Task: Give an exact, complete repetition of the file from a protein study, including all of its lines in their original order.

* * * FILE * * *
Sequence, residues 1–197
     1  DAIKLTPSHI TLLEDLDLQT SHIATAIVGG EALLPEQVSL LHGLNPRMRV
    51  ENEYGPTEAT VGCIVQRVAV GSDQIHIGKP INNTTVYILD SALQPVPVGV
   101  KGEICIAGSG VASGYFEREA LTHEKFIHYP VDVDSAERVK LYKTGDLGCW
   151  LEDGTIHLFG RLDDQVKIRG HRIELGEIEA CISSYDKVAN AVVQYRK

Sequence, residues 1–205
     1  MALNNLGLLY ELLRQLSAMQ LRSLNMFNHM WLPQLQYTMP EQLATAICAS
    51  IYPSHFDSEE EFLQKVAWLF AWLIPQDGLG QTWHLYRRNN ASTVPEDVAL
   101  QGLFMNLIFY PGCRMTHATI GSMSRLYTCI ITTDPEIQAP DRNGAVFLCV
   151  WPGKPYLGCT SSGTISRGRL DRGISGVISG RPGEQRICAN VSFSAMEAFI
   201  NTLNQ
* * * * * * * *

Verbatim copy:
Sequence, residues 1–197
     1  DAIKLTPSHI TLLEDLDLQT SHIATAIVGG EALLPEQVSL LHGLNPRMRV
    51  ENEYGPTEAT VGCIVQRVAV GSDQIHIGKP INNTTVYILD SALQPVPVGV
   101  KGEICIAGSG VASGYFEREA LTHEKFIHYP VDVDSAERVK LYKTGDLGCW
   151  LEDGTIHLFG RLDDQVKIRG HRIELGEIEA CISSYDKVAN AVVQYRK

Sequence, residues 1–205
     1  MALNNLGLLY ELLRQLSAMQ LRSLNMFNHM WLPQLQYTMP EQLATAICAS
    51  IYPSHFDSEE EFLQKVAWLF AWLIPQDGLG QTWHLYRRNN ASTVPEDVAL
   101  QGLFMNLIFY PGCRMTHATI GSMSRLYTCI ITTDPEIQAP DRNGAVFLCV
   151  WPGKPYLGCT SSGTISRGRL DRGISGVISG RPGEQRICAN VSFSAMEAFI
   201  NTLNQ